Puna, Hawaii

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Coordinates: 19°29′37.61″N 155°00′34.88″W / 19.4937806°N 155.0096889°W / 19.4937806; -155.0096889

The districts of the Big Island. From Northernmost, clockwise; North Kohala, Hāmākua, North Hilo, South Hilo, Puna (highlighted), Kaʻū, South Kona, North Kona, and South Kohala
The Island of Hawaiʻi is divided into 9 Lava Flow Hazard Zones, which are unrelated to, and not to be confused with, the 9 District "zones". These Lava Flow Hazard Zones are numbered according to the degree of hazard from inundation by lava flows. Zone 1 is the area of the "greatest" hazard, where lava is most likely to come from the ground, and coincides with the rift zones of the two most active volcanoes (Mauna Loa and Kīlauea). Zone 9, consisting of the extinct volcano Kohala, is the area considered to be of the least hazard, since this area has not had any lava flows in thousands of years. Lava Hazard Zones in Puna are all Lava Hazard Zones 1, 2 and 3; the most dangerous according to the USGS.

Puna is one of the 9 districts of Hawaii County on the Island of Hawaiʻi (Big Island; County of Hawaiʻi). It is located on the windward side (east side) of the island and shares borders with South Hilo district in the north and Kaʻū district in the west.[1] With a size of just under 320,000 acres (1,300 km2) or 500 sq. miles. Puna is slightly smaller than the island of Kauaʻi.[1]

Puna cropland supports floriculture, nurseries and macadamia nuts. Most of the state’s papayas crops are grown in the lower Puna area which is regarded as the best place in the Islands to grow the crop.[2]

History[edit]

Recent lava activity[edit]

Kīlauea is one of the world's most active volcanoes, and is currently in one of its longest active phases. The current eruption has been continuously in action since 1983 along Kīlauea's East Rift Zone, and continuously monitored by the Hawaii Volcano Observatory. The Royal Gardens subdivision and the villages of Kaimu and Kalapana have been largely destroyed by these flows and in the Fall of 2014, it briefly touched the outskirts of Pahoa, the main village in Puna, before halting and seeking a new course south into the ocean at Kamokuna.

Hawaii Volcanoes National Park, when constructed, had two entrances. The entrance from lower Puna was cut off in 1986, and several miles of the road along the ocean were covered by several flows that occurred over the course of the eruption.[3] Millions of tourists come each year[4] to witness the spectacle of a torrent of lava plunging into the sea and exploding as it hits the water. Lava flows have continued to add new land to the old shoreline, often resulting in an unstable delta that periodically forms cracks and may plunge into the sea; visitors are provided with viewing stations at a safe distance.[5]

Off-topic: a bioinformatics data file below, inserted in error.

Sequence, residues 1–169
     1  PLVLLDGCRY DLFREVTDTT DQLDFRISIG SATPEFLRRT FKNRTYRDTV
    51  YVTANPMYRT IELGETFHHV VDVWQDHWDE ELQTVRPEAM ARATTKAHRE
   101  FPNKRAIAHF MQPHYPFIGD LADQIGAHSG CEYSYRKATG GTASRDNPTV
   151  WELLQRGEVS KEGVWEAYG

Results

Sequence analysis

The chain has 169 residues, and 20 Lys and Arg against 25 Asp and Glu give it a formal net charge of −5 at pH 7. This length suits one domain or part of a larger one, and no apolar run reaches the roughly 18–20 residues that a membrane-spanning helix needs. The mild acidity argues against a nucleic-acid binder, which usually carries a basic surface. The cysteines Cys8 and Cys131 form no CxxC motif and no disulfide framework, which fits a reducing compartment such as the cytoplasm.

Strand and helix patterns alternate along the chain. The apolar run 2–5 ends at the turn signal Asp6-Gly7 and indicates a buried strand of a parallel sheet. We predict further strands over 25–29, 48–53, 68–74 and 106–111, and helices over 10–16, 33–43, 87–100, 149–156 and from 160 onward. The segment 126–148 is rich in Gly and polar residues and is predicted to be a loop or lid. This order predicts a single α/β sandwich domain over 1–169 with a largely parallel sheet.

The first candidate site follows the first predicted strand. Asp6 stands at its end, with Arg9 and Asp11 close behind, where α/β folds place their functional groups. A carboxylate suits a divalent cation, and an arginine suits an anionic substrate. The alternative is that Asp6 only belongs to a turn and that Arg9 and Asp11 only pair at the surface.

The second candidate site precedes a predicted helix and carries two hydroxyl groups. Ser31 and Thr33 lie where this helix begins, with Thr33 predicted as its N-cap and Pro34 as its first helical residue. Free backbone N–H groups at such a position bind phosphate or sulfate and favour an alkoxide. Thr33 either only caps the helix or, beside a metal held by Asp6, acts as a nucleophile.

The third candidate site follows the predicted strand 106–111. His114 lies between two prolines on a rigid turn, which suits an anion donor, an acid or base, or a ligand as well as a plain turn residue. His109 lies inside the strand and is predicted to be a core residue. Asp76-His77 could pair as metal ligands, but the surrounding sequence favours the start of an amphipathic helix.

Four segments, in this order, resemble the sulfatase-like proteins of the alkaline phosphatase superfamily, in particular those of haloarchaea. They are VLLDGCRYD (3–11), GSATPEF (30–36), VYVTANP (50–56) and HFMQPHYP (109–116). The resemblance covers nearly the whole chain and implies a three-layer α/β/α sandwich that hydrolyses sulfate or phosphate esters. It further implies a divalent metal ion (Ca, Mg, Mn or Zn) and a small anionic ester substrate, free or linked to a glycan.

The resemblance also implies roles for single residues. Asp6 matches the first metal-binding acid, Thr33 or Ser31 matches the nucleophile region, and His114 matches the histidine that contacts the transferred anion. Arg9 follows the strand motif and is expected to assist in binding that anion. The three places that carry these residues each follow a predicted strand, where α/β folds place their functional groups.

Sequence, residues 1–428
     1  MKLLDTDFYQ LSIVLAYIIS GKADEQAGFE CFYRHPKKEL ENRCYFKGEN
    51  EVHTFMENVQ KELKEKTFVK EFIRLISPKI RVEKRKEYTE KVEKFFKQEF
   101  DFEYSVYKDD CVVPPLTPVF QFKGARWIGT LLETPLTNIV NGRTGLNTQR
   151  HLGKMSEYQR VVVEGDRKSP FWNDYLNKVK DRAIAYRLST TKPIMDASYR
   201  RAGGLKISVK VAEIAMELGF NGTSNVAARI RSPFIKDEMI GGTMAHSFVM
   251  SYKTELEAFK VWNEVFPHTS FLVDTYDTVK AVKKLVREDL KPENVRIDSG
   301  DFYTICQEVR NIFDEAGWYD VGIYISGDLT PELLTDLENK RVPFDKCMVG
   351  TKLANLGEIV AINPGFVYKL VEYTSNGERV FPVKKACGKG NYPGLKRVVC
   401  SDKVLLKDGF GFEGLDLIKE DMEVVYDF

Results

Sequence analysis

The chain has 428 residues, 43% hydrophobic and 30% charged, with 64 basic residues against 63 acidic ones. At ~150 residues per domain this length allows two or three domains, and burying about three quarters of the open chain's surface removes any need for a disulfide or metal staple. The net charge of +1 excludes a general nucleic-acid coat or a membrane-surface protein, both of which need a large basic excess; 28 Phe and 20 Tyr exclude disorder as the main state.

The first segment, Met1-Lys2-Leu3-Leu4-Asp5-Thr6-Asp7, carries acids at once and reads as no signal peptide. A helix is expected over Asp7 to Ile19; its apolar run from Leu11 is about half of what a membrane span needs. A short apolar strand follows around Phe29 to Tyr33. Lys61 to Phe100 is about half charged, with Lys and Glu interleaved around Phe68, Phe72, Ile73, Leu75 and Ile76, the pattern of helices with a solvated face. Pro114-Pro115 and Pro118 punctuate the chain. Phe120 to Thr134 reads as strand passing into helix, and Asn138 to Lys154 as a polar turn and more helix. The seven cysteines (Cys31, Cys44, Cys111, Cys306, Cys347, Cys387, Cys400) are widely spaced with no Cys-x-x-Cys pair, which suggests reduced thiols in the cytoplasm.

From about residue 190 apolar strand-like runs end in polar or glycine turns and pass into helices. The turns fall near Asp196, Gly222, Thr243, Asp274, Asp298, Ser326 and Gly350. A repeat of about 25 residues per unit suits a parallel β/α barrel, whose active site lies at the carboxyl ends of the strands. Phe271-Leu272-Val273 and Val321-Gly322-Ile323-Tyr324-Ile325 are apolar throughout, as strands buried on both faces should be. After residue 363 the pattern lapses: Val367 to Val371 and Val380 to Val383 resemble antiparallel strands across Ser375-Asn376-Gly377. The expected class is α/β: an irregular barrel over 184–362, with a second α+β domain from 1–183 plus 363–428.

2014 lava Flow[edit]

In June 2014, a lava flow dubbed the June 27th flow started flowing from a vent[6] of a spatter cone called Puʻu ʻŌʻō on the east rift zone of Kilauea Volcano in a northwest direction towards the villages of Kaohe Homesteads and Pahoa.[7]

In early September it appeared that the lava flow was en route to the small community of Kaohe Homesteads. Community leaders and state officials began to draw up plans for evacuations and the mayor signed an emergency proclamation as residents of the Kaohe Homesteads subdivision learned that lava from Kilauea Volcano was just 0.8 miles (1.3 km) away and could reach them within a week.[8] On September 13, a release from the Hawaiian Volcano Observatory stated that the flow had begun to shift away from the subdivision as it had interacted with both the cracks and down-dropped blocks within the East Rift Zone of Kīlauea volcano and a natural valley that leveled away from Kaohe Homesteads.[9]

In early October 2014, the lava flow was heading towards the community of Pahoa, Hawaii. On October 25, the flow had crossed Cemetery Road at Apa'a Road near the Pahoa Recycling and Transfer Station, a waste/trash station, which was closed and relocated due to the lava flow.[10] The flow was quickly advancing on a nearby cemetery and triggered the first series of evacuations.[11][12] On November 10, the flow claimed a home.[13]

Officials feared that if the lava flow continued on its path it would cover and close the only route in and out of lower Puna, Highway 130. On October 22, The National Park Service announced[14] that it would help state and county officials create an emergency route along 8 miles of the buried Chain of Craters Road in order to help Puna residents who would lose access to the rest of Hawai‘i if that lava flow covered Highway 130. Construction of the Chain of Craters alternate route began by making a path over a wall of lava rock covering the road in Hawaii Volcanoes National Park. The $12 million to $15.5 million route, to be re-established between the park and Kalapana as a gravel road, would have been the only road in and out of lower Puna, if the June 27 lava flow had made its way to the sea. The park closed the end of Chain of Craters Road as construction began. Nearly 8 miles of the roadway, officially known as Chain of Craters Road inside the park and Highway 130 outside of it, had been covered by past flows from the ongoing Puʻu ʻŌʻō eruption that threatened Pahoa. Chain of Craters Road, which opened in 1965, had portions blocked or covered by lava for 37 years of its 49-year existence, according to the park. The road is about 19 miles long inside the park.[15]

However, that lava flow stopped just short of the village of Pahoa. In 2016 a new flow (called Episode 61G by the United States Geological Survey) emerged from Puʻu ʻŌʻō in a southerly direction, the shortest way to the ocean, across an area that had been covered in lava during the preceding decades. The emergency road connecting Hwy 130 to the Chain of Craters Road was severed by the new flow. In 2018 this road was again cleared through the 2016 lava to provide emergency access around the 2018 lower Puna eruption.

2018 eruption[edit]